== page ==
In November of last year we previewed the first three: The Folded Earth by Anuradha Roy, The Goldsmith’s Secret by Elia Barceló and Monsieur Linh and His Child by Philippe Claudel. Now its time to turn attention to the three to be published in the second half of 2011, new novels by Elias Khoury, Evelio Rosero and Otto de Kat, translated by Humphrey Davies, Anne McLean with Anna Milsom, and Ina Rilke, respectively.
Yalo, by the great Lebanese author Elias Khoury, was first published by MacLehose Press in 2009. Earlier this year the translator, Humphrey Davies, won the Banipal Prize for Arabic translation for his rendering of the novel into English. It was the second time that this partnership had won the prize, and who would bet against there being a third success?
“This novel is a tour de force for both author and translator, an ambitious work which deals magnificently with the violence of history and the loss and uses of language, with torture and rape and sexuality. An important and complex book, which brings the history of Lebanon vividly, painfully and colourfully to life.”
Margaret Drabble, Banipal citation
As Though She Were Sleeping, the winner of the first Arabic Novel Prize, is in every respect a worthy follow-up. Focusing on the life of young Lebanese woman who takes refuge from reality in sleeping and dreaming, it is richly and powerfully symbolic of the human cost of the ongoing troubles in the Middle East. Jilted by a suitor, Meela marries a Palestinian man many years her senior and leaves her family to live in a city far from home in a country that is soon to be plunge into chaos by the arrival of Jewish settles and the creation of the state of Israel.
Colombian Evelio Rosero won the Independent Foreign Fiction Prize – the second of three international literary awards – for The Armies, a beautiful but harrowing novel about a remote rural village destroyed by remorseless violence. The opening paragraphs offer startlingly lyrical prose, and what follows serves as a faithful and unflinching account of the evils that blight an otherwise forward-looking and creative nation.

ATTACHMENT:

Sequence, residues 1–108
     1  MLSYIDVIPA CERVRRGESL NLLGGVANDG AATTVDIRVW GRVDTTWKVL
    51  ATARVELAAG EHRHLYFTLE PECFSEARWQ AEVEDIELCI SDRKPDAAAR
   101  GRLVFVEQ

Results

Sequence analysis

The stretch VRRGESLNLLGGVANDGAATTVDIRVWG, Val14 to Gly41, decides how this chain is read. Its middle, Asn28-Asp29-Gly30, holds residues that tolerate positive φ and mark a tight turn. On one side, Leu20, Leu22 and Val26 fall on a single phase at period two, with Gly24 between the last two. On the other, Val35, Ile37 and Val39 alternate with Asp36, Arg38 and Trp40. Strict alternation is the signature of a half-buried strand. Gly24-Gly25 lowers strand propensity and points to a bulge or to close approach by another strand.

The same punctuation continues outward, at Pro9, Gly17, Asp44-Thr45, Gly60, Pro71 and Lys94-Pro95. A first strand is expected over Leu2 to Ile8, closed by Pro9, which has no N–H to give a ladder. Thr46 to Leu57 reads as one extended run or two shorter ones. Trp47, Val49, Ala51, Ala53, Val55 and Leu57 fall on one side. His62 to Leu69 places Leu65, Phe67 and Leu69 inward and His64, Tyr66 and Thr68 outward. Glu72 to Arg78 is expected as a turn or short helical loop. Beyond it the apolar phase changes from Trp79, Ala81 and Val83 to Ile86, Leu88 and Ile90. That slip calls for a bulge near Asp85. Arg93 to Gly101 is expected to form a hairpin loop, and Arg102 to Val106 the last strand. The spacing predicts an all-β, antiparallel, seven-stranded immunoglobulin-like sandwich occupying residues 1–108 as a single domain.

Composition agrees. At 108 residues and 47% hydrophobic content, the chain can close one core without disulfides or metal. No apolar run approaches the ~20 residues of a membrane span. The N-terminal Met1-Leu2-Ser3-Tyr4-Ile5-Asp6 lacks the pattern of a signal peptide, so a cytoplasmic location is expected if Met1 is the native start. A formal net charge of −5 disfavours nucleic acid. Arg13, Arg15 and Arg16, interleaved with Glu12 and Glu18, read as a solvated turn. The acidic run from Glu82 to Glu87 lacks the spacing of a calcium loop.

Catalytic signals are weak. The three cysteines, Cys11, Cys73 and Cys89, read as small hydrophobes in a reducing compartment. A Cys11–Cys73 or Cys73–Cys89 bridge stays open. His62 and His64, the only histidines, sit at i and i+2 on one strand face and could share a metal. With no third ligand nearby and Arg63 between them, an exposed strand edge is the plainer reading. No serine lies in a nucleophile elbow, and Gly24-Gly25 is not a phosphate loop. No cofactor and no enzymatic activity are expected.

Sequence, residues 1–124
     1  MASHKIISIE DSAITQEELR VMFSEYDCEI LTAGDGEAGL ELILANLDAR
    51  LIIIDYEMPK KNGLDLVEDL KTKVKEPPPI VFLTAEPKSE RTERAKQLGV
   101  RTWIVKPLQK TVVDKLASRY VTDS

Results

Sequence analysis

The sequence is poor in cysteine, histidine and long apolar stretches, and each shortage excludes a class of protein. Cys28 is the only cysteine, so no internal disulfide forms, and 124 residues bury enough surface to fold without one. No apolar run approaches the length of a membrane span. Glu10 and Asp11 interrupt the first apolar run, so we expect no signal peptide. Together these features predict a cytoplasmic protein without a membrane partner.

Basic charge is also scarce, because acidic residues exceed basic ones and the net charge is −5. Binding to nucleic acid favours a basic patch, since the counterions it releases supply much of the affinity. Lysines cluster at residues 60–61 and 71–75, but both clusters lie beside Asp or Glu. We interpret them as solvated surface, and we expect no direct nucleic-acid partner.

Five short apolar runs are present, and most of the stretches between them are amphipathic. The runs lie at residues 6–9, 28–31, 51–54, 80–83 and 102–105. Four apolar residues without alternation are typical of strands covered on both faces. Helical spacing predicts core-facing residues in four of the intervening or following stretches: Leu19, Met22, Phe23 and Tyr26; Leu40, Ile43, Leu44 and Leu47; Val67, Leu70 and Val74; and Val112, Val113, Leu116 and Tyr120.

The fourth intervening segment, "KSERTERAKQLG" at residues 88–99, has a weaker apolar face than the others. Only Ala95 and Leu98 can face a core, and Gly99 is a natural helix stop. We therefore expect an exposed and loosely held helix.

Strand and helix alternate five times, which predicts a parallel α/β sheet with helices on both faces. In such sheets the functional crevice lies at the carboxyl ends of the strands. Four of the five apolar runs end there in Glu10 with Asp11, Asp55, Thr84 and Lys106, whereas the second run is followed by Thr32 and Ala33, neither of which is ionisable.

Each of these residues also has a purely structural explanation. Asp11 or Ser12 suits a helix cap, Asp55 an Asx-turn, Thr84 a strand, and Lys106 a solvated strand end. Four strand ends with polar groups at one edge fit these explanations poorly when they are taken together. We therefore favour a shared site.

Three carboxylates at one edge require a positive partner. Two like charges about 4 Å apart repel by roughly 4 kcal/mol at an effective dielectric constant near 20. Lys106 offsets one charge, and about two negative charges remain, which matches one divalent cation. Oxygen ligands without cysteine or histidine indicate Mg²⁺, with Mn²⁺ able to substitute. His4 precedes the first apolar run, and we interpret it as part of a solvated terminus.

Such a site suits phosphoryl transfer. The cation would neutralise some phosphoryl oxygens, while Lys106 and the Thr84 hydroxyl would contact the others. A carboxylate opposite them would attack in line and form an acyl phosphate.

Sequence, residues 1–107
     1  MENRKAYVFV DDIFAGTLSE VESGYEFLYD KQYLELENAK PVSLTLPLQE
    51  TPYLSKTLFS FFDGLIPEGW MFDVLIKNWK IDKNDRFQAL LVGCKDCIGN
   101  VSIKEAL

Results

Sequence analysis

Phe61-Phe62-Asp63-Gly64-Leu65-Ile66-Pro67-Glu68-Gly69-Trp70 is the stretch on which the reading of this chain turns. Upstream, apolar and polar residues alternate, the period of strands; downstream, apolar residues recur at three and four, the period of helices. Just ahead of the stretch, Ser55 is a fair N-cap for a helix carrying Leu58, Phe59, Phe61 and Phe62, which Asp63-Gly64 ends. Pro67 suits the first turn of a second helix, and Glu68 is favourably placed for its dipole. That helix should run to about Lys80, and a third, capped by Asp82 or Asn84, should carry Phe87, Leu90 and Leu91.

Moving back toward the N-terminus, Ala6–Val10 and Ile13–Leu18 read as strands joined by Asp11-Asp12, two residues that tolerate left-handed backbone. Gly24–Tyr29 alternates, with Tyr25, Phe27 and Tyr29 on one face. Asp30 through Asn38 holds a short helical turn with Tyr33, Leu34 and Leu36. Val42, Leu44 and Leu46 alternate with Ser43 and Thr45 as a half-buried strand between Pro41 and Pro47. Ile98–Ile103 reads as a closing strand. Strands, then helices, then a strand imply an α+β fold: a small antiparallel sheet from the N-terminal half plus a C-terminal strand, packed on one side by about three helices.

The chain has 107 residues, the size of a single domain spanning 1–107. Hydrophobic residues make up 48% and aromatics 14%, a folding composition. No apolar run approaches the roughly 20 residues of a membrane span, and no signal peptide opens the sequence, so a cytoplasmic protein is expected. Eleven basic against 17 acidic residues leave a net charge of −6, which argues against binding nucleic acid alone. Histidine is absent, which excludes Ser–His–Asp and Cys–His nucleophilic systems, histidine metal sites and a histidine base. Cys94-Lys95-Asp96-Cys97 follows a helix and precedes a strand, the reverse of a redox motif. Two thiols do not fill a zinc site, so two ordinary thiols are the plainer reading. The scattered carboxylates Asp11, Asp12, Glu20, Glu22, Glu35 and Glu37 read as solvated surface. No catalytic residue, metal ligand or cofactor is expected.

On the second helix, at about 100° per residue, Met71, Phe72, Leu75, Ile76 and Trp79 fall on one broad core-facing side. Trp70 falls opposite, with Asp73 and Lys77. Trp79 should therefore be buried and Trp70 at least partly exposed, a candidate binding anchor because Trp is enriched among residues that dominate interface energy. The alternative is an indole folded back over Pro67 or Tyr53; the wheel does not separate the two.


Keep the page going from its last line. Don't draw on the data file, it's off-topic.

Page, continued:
Evelio Rosero has dipped his pen in blood and written an epic in 215 pages. If anyone has wondered if there is life in the Colombian novel after magic realism, this is the evidence of the extraordinary power of that country’s literature. Linda Grant, Independent
Good Offices is a mischievous and surreal satire on the role of the Catholic Church in Colombia. Tancredo is a hunchback in virtual servitude to the parish, who is relentlessly pursued by the sacristan’s goddaughter. His life takes a turn for the bizarre when a stand-in priest is brought in at the last moment, whose mesmerizing sung mass and unquenchable thirst for aguardiente elicits very strange behaviour from the denizens of the church.
Man on the Move is a poetic and heartbreaking tale drawn from the often overlooked Dutch involvement in the Second World War. Rob, the son of a provincial mayor leaves his home country in pursuit of less restricted life and, after a stint in the mines outside Johannesburg, joins up to fight and is subsequently captured by the Japanese.
“This is a novel of extraordinary power and moral beauty, executed with a poet’s intricate artistry. Between its opening and closing departures, we proceed according to some deep psychic logic, ever further into a life not well-lived but, even so, strangely exemplary.” Paul Binding, Independent
Otto de Kat returns to the Second World War period with Julia. His spare, impressionistic prose is the perfect vehicle for conveying the sense of purpose that gripped Hitler’s Germany in the pre-war years. The story is told from the perspective of a naive young Dutchman who falls in love with a brilliant, vivacious engineer. Yet her irrepressible, libertine spirit puts her on a irrevocable collision course with the Nazi authorities, and Chris’ courage, forever undermined by his shaky self-esteem, will be tested to its limits.
You can read an extract from Man on the Move here. And by the way, if you can tell us who it is that adorns the cover of Julia, you will win all three of the new novels profiled here.